28. At least as important as the presidential races are the U.S. Senate, House.. As long as the Mad Dogs control Congress, Clinton won’t be able to do all that much.

    The state-level races are also vital: the reason the Mad Dogs have managed to gerrymander the election districts is that we’ve let the Mad Dogs control the state legislatures.

    For the past few decades, progressives have mostly ignored races other than the presidential election, so the Mad Dogs have had free rein to do what they wanted. It’s going to take us a few decades of hard work to reverse that.

  29. “During President Obama’s speech on the third night, I started seeing tweets and comments from GOP operatives that were, bluntly, a little shell-shocked…”

    I totally believe that you saw this! I did not, as I was offline that day, and I would like to take a look. Any chance you can provide links or hashtags for the interested reader?

  30. Cabridges:

    “Also, if he doesn’t win we are still guaranteed to see and hear Trump on a regular basis, forever.”

    Presuming/praying* that Clinton wins, I am actually looking forward to that. It will be so embarrassing for the GOP – and him spouting his usual shit might well cost the Republicans elections further down the road. Which may be important for the House & Senate elections as well.

    *Okay, I’m an unbeliever but I may make an exception in this case

  31. If, in a moment of suicidal stupidity, the masses elect Trump, he will serve about two years, then get bored, impeached or simply razzed out of office. Which will leave Pence in charge.

    I dislike Hillary, the Democrats’ position on gun control and their love of bigger government. But Trump exemplifies the old saw – ‘With friends like this…’

  32. I wish I could vote. But wrong country and nationality, by a whole ocean. I think this may be the first US presidential election that I stay up for … there is so much at stake.

  33. I’m sure Hillary’s sudden burst of patriotism is as genuine as the rest of her career has been.

  34. “it’ll be interesting to see how the Democrats handle them, especially if this election gifts them a wide swath of center and center-right voters”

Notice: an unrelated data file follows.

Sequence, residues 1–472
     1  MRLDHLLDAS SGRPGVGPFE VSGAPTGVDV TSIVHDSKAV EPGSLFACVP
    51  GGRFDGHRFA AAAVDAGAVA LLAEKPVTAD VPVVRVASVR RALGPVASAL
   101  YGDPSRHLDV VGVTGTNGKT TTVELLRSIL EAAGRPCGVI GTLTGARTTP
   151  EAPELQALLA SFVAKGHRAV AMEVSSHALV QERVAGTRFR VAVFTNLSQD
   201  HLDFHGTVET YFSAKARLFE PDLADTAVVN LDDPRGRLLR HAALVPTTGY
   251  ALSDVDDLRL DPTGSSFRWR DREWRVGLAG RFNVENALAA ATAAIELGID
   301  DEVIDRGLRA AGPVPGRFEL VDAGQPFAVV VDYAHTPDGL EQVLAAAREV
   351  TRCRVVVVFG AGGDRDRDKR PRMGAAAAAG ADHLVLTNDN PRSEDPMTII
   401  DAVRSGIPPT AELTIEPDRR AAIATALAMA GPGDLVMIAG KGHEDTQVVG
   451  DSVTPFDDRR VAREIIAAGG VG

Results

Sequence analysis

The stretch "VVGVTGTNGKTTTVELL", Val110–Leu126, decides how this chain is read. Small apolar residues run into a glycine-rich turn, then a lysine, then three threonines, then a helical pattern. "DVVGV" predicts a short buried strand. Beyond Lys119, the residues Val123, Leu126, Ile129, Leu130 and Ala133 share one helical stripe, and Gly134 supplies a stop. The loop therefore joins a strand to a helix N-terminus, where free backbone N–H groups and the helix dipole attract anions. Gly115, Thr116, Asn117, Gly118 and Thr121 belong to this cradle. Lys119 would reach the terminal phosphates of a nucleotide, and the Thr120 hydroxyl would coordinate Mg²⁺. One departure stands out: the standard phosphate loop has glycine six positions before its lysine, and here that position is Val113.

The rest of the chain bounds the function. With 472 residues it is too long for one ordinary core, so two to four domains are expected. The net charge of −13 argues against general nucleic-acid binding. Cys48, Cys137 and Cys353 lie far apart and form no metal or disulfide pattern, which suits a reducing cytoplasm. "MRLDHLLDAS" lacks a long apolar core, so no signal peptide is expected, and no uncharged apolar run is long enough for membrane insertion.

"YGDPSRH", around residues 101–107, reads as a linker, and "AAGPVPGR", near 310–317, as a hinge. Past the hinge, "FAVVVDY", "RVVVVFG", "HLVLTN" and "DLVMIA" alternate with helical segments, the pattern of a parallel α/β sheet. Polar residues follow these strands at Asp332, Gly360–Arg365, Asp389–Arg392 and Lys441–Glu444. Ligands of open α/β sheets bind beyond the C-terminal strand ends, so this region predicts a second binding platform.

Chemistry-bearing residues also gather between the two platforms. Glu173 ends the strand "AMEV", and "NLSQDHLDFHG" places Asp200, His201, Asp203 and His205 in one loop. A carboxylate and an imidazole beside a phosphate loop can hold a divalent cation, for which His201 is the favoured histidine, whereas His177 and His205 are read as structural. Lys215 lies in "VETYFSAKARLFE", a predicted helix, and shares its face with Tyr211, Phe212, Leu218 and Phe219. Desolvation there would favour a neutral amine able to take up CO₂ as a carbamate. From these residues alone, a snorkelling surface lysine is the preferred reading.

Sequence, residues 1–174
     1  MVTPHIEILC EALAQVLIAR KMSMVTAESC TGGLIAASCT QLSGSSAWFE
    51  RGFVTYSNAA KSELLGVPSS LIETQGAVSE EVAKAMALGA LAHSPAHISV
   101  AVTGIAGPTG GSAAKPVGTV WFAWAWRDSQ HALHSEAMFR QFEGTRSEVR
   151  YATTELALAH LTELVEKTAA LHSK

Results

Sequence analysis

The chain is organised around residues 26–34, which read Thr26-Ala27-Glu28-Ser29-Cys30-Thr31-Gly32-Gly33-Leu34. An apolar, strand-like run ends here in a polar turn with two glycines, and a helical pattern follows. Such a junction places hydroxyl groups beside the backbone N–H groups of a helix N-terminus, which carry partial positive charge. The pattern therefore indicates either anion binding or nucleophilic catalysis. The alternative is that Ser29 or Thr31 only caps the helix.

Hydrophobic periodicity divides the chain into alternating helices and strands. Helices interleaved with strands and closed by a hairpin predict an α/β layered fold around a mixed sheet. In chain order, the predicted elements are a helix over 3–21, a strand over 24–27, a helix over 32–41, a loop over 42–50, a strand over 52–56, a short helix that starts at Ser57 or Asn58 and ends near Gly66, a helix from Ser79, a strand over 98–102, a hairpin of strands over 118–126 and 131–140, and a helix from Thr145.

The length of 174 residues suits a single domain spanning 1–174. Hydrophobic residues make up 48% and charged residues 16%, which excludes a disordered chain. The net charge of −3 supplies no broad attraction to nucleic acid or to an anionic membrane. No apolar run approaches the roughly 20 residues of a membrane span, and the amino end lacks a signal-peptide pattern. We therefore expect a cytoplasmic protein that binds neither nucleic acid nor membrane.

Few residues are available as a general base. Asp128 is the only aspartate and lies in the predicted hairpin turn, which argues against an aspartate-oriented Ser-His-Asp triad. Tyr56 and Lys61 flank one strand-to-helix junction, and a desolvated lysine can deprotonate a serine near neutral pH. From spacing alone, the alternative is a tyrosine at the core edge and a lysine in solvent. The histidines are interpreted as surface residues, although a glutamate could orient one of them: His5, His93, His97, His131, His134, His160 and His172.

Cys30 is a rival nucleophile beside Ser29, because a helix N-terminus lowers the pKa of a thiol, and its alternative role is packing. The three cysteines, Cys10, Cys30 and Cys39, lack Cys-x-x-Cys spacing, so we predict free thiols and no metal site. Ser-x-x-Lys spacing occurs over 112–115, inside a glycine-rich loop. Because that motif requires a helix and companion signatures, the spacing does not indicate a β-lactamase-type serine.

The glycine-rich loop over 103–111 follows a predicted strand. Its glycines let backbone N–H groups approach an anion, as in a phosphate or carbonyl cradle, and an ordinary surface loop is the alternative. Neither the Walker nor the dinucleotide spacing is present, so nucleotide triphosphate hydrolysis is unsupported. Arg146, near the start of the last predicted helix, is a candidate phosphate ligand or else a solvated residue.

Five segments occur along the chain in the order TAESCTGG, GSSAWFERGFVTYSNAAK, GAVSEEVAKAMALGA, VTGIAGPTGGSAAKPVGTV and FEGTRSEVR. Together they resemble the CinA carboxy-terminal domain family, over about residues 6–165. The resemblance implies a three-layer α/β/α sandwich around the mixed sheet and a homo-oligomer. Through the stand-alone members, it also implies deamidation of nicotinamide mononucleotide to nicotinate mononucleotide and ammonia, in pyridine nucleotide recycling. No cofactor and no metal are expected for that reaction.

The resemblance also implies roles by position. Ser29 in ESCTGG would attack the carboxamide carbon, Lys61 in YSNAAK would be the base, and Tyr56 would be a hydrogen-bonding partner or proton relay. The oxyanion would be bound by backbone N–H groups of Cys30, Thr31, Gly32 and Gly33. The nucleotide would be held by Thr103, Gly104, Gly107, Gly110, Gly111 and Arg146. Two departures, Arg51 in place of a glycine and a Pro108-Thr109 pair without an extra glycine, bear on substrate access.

Maaaaybe, but here’s what I think is going to happen

    See, I’m pretty sure that of the hard-line Republicans, a not-insignificant portion of them are mortified by Trump’s nomination, and most of these will be center-right. The only people on the hard-right who are against Trump are those who think his (presumed, since he never says the same thing twice) policies are too populist but would likely vote for him anyway for the sake of the party.

    Even so, having grown up with the center-right, there is a FREAKTON of suspicion built up about the Democrats in the years since Regan. It’s almost certainly too high of a hurdle for most of them to jump the fence when their presumption is that Democrats are, to a T, consummate liars and demagogues. If they say anything that sounds good or wholesome they’re lying about it. If they say anything that benefits people not of the center-right’s class they’re pandering. Etc. Of course, the right never does this since it’s filled with Trustworthy People who have no need to pander.

    Trump does throw a wrench into the perception that the right is always Wholesome. Much of the center-right isn’t going to want to face down the hard choice of abandoning the Republican party because just because Trump is a blatant huckster who obviously doesn’t care a whit for religion doesn’t mean those Democrats are suddenly the good guys–obviously THEIR focus on filling their platform with faith is just another cynical ruse to trick people.

    (IMO nowadays, I’m inclined to believe it’s always showmanship, because that’s what politics is. You can only judge people by what they do, because how they REALLY feel isn’t going to be up for public consumption. In many ways there’s no such thing as a True Believer in politics. You might as well go with the side that’s pandering best (not “the most”, the BEST, real quality pandering) because that’s the closest to truth or representation you’re going to get.)

    So I’m of the notion that the center-right is going to split three ways. The ones that didn’t buy into the Democrats Are Always The Devil rhetoric will go to ANY other party. The ones who did buy into that but cannot stomach Trump at all will go with Gary Johnson–which is just as good as a vote for Hillary, but is NOT a vote for Democrats in general. Despite this, they would KNOW they’re basically giving the presidency to Hillary, they just aren’t voting directly for her because they can’t bring themselves to vote Democrat.

    The others have to convince themselves that Trump can’t be THAT evil and vote Republican because that’s what they’ve always done and Obama was in the white house too long and such. On the whole that still gives more votes to Hillary, or indirectly to Hillary, but it’ll take a lot more than this election, insane as it is, to start breaking that veil of perception that life-long kinda-centrist republicans have about the DNC.

    But regardless, the presidency obviously goes to Clinton because the right has been hemorrhaging their hardcore voters ever since GWB. Even back in the halcyon days of post-9/11 fervor, GW only barely squeaked by on his re-election despite being the incumbent, while Obama ended up sweeping what was promised to be a close race both times. While there is a lot of overt fervor for Trump, if he can’t get his own base to unite then he has no hope of getting the center to hand him the lion’s share of the votes either.